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Administrative law judge sides with marijuana doctor accused in an undercover sting

Leon County Judge John Cooper on June 30, 2022, in a screen grab from The Florida Channel.
The Florida Channel
Leon County Judge John Cooper on June 30, 2022, in a screen grab from The Florida Channel.

The state says Joseph Dorn did not conduct a physical exam of two patients and employed a "trick or scheme." The judge recommends dismissing the complaint.

A Tallahassee doctor who ordered medical marijuana for two undercover investigators posing as patients didn’t do anything wrong, an administrative law judge decided Wednesday.

The Florida Department of Health sought to strip physician Joseph Dorn of his medical license for five years, permanently ban him from ordering medical marijuana for patients and impose a $10,000 fine.

The proposed penalties against Dorn — who has practiced in Florida for more than three decades – stemmed from a 2019 complaint alleging that the physician violated state law by failing to conduct physical examinations of “Patient O.G.” and “Patient B.D.” The complaint also accused Dorn of employing a “trick or scheme” in the practice of medicine.

But Administrative Law Judge W. David Watkins on Wednesday issued an order recommending that the complaint against the doctor be dismissed, saying that health officials “failed to present competent substantial evidence in this case establishing … that Dr. Dorn acted, or failed to act, in any manner to defraud or trick any patient, or that any patient was actually defrauded or tricked.”

Health officials accused Dorn of failing to “appropriately vet his patients” and follow a 2017 law requiring physicians to use certain procedures before determining patients are eligible for medical marijuana, such as deciding that its use would outweigh potential health risks.

“Instead of recognizing this responsibility, respondent (Dorn) used his designation as a qualified physician to liberally qualify patients to receive medical marijuana by only performing perfunctory consultations and ignoring many of the requirements imposed by the Legislature,” the agency’s lawyers wrote in a document filed last month.

But Watkins rejected those arguments, finding that the Department of Health’s allegations were not supported by the evidence in the case.

“The evidence of record undermines DOH’s argument that Dr. Dorn’s practice is nothing more than an ‘open gate’ to medical marijuana. In the case of both O.G. and B.D. (and presumably the other 28 patients examined), Dr. Dorn conducted a detailed and thorough assessment of the patient’s condition prior to prescribing medical marijuana,” Watkins wrote, referring to records of 28 actual patients that health officials reviewed. “Furthermore, the preponderance of the competent substantial evidence in this case demonstrates that Dr. Dorn performed a meaningful review of O.G. and B.D.’s medical history and symptoms, identified and discussed their qualifying stressors, and noted the PTSD (post-traumatic stress disorder) symptoms being experienced by each.”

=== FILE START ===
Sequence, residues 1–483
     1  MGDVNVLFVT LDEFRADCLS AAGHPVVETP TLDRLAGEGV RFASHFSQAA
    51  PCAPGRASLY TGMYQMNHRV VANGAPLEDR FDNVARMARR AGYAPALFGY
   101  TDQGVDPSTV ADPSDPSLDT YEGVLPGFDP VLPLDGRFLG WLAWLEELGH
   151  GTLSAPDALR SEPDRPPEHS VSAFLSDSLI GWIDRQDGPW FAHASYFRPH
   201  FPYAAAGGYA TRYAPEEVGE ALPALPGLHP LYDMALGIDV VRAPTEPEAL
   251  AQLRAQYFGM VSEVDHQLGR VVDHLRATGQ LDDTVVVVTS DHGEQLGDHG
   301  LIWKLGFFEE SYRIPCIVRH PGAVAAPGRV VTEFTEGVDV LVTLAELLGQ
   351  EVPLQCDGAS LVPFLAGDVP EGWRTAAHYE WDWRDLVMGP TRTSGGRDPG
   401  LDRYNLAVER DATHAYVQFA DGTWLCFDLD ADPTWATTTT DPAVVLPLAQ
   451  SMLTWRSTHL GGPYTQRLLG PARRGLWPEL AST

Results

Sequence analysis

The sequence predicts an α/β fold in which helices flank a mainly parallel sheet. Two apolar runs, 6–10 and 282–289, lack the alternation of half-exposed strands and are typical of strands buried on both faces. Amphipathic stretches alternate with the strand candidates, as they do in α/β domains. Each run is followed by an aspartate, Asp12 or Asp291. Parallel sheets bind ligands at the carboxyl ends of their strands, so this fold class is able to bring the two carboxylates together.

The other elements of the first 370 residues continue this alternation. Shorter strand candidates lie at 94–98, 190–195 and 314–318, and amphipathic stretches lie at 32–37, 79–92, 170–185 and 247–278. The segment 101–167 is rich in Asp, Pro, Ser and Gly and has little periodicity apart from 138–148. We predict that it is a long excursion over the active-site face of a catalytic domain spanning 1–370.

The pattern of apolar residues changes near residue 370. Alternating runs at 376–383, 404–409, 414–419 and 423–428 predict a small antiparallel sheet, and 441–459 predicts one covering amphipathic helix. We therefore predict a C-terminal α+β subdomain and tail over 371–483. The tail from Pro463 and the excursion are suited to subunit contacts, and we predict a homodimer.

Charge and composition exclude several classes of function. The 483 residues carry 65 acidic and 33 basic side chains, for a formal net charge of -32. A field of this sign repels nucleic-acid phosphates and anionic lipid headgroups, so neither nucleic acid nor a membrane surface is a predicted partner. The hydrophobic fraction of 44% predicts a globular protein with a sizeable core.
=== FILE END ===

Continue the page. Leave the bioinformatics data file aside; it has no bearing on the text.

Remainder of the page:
Under administrative law, Watkins’ recommended order will go to the Department of Health for final action.

The 2017 law, aimed at carrying out a constitutional amendment that broadly legalized medical marijuana, requires doctors to undergo training to be qualified by the state to order cannabis for patients and lays out requirements for physicians before certifying that patients are eligible for the treatment. The law also makes it a crime for patients to lie to doctors about their conditions to obtain marijuana.

The complaint against Dorn centered on visits by investigators Brent Johnson, who posed as “Patient B.D.,” and Ben Lanier, who posed as “Patient O.G.”

In November 2017, Johnson told the physician he had anxiety, difficulty sleeping, cold sweats, back pain and leg cramps following a car accident eight years earlier. According to the complaint, Dorn also entered other symptoms associated with post-traumatic stress disorder in B.D.’s patient record and approved him for medical marijuana.

During a visit with Dorn five months later, Lanier presented a handwritten medical record saying that O.G had been diagnosed with post-traumatic stress disorder by the military a decade earlier.

Lanier, who was one of the state’s witnesses during the October hearing, said he told Dorn he had anxiety after serving in Kandahar, Afghanistan, where the doctor’s son had served in the military.

In a prepared statement on Wednesday, Dorn’s attorney, Ryan Andrews, accused the state of “inflicting crippling stress and pain” on the doctor as he continued to treat patients following the investigation. Andrews threatened to take legal action against the health department and officials involved in the complaint against his client.

“This action didn't sound in good faith and now it's our turn to seek justice and right this wrong against everyone involved. This entire action against Dr. Dorn is an embarrassment and disservice to the state of Florida. Dr. Dorn is excited to continue treating patients without these baseless and harmful accusations hanging over his head," Andrews said.